[Letter to the editor]Don’t write off Cho as just a crazy guyKorean people’s reaction to Cho Seung-hui’s shooting at Virginia Tech was mainly shock and shame about the fact that he is Korean, plus grief for the dead. For days after the shootings occurred, newspapers, television and the Internet updated us on Cho’s family, school life and mental health. According to numerous articles and reports, Cho’s family moved to the U.S. when he was 8 years old and ran a dry-cleaning center. Cho was extremely quiet as a child and was found “mentally ill and in need of hospitalization” by a Community Services Board. All the aforementioned facts about the shooter became common knowledge for most Koreans. But such personal facts are nothing more than amusing bits of gossip to readers. Moreover, such personal information only induces readers to ascribe the causes of the incident to the individual, which does not help prevent such tragedies.
The killings at Virginia Tech were committed by both Cho Seung-hui and society, especially the American society in which he lived. Cho said on the videotape he sent to NBC, “You had a hundred billion chances and ways to have avoided today.” Apparently, Cho resented not a particular individual, but society as a whole, which he viewed as both materialistic and hedonistic. This was similar to You Young-chul, who is serving a life sentence for killing 23 people in Korea. Cho also said, “You have vandalized my heart, raped my soul, and torched my conscience,” revealing the emotional pain caused by estrangement and exclusion. If the members of society remain indifferent to such alienated people, another mass killing by a social outcast is likely to follow those at Columbine High School and Virginia Tech.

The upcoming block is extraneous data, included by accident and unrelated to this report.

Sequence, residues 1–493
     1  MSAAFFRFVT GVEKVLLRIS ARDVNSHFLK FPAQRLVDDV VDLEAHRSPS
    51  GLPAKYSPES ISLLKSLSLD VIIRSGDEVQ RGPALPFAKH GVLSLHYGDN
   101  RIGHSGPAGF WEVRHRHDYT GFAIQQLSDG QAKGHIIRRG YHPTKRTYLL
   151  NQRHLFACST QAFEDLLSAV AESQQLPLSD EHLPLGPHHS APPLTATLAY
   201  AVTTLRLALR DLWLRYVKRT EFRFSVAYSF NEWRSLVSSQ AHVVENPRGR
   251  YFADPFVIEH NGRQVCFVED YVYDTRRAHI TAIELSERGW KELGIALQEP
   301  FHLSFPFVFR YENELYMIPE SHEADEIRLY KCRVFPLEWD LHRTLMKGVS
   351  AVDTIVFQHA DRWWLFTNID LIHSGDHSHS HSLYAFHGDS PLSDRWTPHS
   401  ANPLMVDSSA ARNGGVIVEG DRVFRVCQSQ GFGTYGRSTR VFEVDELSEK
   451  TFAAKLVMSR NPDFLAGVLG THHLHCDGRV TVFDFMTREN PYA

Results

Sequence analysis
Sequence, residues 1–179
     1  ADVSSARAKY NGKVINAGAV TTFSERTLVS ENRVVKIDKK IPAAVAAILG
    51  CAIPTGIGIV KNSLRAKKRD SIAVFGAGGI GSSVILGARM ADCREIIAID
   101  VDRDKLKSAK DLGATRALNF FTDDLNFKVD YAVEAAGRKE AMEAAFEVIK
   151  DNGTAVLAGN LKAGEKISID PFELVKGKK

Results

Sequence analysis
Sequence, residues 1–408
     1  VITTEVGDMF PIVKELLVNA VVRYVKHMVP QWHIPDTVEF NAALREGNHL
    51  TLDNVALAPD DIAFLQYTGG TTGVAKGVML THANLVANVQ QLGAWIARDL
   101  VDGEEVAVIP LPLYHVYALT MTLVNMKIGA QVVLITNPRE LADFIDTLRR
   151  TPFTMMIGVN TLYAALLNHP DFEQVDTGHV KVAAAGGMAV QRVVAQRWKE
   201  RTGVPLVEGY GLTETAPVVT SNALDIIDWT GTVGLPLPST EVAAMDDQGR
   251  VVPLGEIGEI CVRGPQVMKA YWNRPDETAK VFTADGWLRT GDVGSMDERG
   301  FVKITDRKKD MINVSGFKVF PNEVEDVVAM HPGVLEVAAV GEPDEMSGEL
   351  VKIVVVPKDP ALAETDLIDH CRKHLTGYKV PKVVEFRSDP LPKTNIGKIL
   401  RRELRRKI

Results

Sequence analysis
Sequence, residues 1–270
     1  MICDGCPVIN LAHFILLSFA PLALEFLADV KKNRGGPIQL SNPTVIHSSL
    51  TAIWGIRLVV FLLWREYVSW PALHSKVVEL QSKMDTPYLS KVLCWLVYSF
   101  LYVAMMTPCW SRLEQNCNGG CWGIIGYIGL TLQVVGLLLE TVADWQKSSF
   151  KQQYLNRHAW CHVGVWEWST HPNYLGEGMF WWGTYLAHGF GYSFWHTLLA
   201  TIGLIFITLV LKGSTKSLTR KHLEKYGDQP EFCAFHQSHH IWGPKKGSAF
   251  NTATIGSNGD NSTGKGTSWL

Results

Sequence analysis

U.S. society permitted Cho Seung-hui to buy a gun according to U.S. law, which allows anyone without a criminal record to possess guns. Since the weapon industry and the oil industry are the two pillars that support the U.S. economy, it has become nearly impossible to pass a bill that bans guns in the United States. Even after Columbine, there were debates about banning guns only for a while before the gun lobby silenced every legislator in the country. The only thing that prevented You Young-chul from killing dozens of people at once was Korea’s ban on guns.
The Virginia Tech shootings were not merely a crime committed by a crazy guy, considering the resentment the shooter had for society and the loopholes in the gun control laws. Yes, Cho was at fault. He blamed his misfortune on the people around him and did not seek self-improvement. The important point is that the cause of this tragedy be analyzed in a way that balances personal and social factors. There cannot be an effective solution without analyzing the cause.
Kim Hee-jin, Kyunggi Girls’ High School